A Brief History of Mortgage Interest Rates
What to Know About the History of Mortgage Interest Rates
Context To Better Understand the Current Mortgage Rates Across the Nation
A Summary of the Current Market & Interest Rates
With increasing interest rates, there has been a large number of conversations happening across the country discussing these rates and the housing industry as a whole. The reason for the increase in interest rates is to combat the inflation rate, which is currently at a decades-high level. But how do the current interest rates compare to the historical rates? Before we dive into the rates of previous decades, it's important to understand what exactly is affecting mortgage rates.
The Federal Funds rate is what is being referenced when you read something discussing the Fed increasing or decreasing rates. This rate does not actually have any direct impact on mortgage rates, as the Federal Funds benchmark interest rate actually affects other economic instruments more directly, like savings accounts, and credit card rates. The Federal Fund rate does impact your mortgage rate indirectly, however, as it impacts the banks that provide mortgage loans. The rate that most directly affects your mortgage rate is the 10-Year Treasury Yield. According to Forbes, "the 10-Year Treasury Yield is the current rate Treasury notes would pay investors if they bought them today." This yield has a direct correlation with the price of mortgages, meaning that when the yield goes up, so do mortgage rates. So how have these rates affected the nation's economy in the past?
Mortgage Interest Rates in the 1980s
Some people might remember the mortgage rates throughout the 1980s, and if you do, the rates today might seem like nothing worth worrying about. That's because at the start of the 80s, mortgage rates reached their peak, with the average rate reaching a staggering 16.63% in 1981. The reason for this huge increase in interest rates was to combat the "Great Inflation", which was brought on by an oil crisis in the late 70s and early 80s. Throughout the 80s rates would decrease as the Fed combated the oil crisis and the rise in unemployment that was brought on by the elevated inflation rate.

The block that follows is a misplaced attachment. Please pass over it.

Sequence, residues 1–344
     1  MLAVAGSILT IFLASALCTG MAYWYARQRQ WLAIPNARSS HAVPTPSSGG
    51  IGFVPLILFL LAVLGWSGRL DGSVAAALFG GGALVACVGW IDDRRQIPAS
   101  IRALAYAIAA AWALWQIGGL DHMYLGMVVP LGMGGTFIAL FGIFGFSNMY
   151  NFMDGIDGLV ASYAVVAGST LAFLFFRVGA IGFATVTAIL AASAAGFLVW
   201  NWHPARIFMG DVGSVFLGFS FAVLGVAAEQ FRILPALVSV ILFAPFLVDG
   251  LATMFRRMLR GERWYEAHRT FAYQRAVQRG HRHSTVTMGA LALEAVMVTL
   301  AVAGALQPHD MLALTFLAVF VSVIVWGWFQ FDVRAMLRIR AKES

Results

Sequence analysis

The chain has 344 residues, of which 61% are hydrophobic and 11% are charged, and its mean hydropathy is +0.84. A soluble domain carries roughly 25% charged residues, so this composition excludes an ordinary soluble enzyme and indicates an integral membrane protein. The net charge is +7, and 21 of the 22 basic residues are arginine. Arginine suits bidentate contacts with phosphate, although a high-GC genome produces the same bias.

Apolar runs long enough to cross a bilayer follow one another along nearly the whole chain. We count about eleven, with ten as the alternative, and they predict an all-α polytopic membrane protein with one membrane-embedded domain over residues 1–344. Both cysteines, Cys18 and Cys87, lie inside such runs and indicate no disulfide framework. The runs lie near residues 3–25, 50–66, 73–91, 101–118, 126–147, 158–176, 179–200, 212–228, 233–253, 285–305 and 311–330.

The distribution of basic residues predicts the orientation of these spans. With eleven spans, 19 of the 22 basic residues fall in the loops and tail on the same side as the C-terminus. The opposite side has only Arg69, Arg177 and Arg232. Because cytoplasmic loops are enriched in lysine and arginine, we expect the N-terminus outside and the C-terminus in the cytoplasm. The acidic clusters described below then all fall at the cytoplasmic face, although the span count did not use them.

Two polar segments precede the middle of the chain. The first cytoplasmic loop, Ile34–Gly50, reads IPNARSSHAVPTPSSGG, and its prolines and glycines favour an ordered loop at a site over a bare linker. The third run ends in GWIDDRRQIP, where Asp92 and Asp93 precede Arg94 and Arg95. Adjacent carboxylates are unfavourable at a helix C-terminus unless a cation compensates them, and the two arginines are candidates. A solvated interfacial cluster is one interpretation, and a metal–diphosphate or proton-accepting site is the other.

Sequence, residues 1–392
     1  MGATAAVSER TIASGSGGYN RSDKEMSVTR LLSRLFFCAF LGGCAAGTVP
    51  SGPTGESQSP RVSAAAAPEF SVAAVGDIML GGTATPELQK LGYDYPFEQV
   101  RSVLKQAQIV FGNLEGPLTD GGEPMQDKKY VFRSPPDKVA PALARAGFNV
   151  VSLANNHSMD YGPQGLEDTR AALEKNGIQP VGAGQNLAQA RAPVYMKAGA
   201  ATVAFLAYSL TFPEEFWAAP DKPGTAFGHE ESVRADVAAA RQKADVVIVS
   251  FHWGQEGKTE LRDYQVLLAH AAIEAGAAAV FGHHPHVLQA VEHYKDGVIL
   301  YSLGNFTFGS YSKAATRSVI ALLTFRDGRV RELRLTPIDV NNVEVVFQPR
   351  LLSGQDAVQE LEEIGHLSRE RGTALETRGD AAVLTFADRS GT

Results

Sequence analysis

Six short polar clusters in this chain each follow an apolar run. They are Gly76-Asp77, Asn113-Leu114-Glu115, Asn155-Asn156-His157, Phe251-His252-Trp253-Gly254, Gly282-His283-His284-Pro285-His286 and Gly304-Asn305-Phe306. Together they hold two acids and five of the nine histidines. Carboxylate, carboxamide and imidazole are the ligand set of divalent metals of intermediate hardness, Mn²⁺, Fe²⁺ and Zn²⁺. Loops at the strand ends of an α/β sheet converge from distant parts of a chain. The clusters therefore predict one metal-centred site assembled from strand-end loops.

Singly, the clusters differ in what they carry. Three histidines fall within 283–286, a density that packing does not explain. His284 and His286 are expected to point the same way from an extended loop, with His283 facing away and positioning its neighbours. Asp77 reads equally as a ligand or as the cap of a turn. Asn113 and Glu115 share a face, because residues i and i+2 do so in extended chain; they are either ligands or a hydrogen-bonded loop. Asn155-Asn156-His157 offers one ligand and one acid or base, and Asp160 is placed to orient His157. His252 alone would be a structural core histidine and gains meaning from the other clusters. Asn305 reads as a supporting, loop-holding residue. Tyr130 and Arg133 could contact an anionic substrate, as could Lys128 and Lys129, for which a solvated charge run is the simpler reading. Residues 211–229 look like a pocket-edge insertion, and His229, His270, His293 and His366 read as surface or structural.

Interest Rates Somewhat Stabilize During the 90s
After the Great Inflation, Alan Greenspan became the chair of the Federal Reserve in 1987, a position he would hold for 18 years. During this period, the average 30-year rate would slowly decrease, ending up at 8.05% in 2000, with the lowest rate in the 90s being 6.94% in 1998. While there was certainly a fair amount of fluctuation in the average 30-year rate throughout the decade, it was far tamer than the decades before and after, as the Great Recession would soon follow.
The Great Recession and the Lead-Up to It
In 2000, the average 30-year rate was 8.05%, and by 2005 would average 5.87%. This average, however, would increase in the following year due to fears of inflation, and remain above 6% until the Great Recession took place. This increase in rates became extremely ill-timed, as the market began to slow down, the value of the homes soon became less than what the homeowner still owed on their loan. The graph below illustrates this inconveniently timed increase in rates.
Graph Courtesy of the Federal Reserve System / Business Insider
During this time, many people were unable to pay their mortgages, and afterward, mortgage rates fell to a yearly average of 4.69% in 2010 as the demand for housing rapidly fell off.
Recovery, and Buildup to Our Current Market
The Federal Reserve swiftly took action to combat the effects of the Great Recession, but it would take time to clear the aftermath. The Federal Fund rate remained at an incredibly low level until 2015, with the fed fund rate peaking at 2.5% in 2018. The average mortgage rates throughout 2010-2020 hovered anywhere between 3.6% - 4.7%, reflecting the still lingering effects of the recession. The biggest change during this time however was far and away the impact that the COVID-19 pandemic had on the economy. In July of 2020, the 30-year fixed rate fell below 3% and reached a record low of 2.65% in January 2021. This change would not last, however, as mortgage rates would spike during the first half of 2022, leaving us in our current market.
What This Means For You As A Homebuyer/Seller
With the current interest rates, it has never been more important to have representation when buying or selling a home. While the interest rates are not that high historically speaking, it's still important to have a real estate professional guiding you through the process and solving any potential problems before they happen. Having a Realtor Ⓡ by your side is crucial to ensure that you are getting the most money possible when selling your home, or getting your offer selected when attempting to buy a home. If you'd like to get in contact with me, you can fill out the contact form below, or give me a call at 404-576-8515.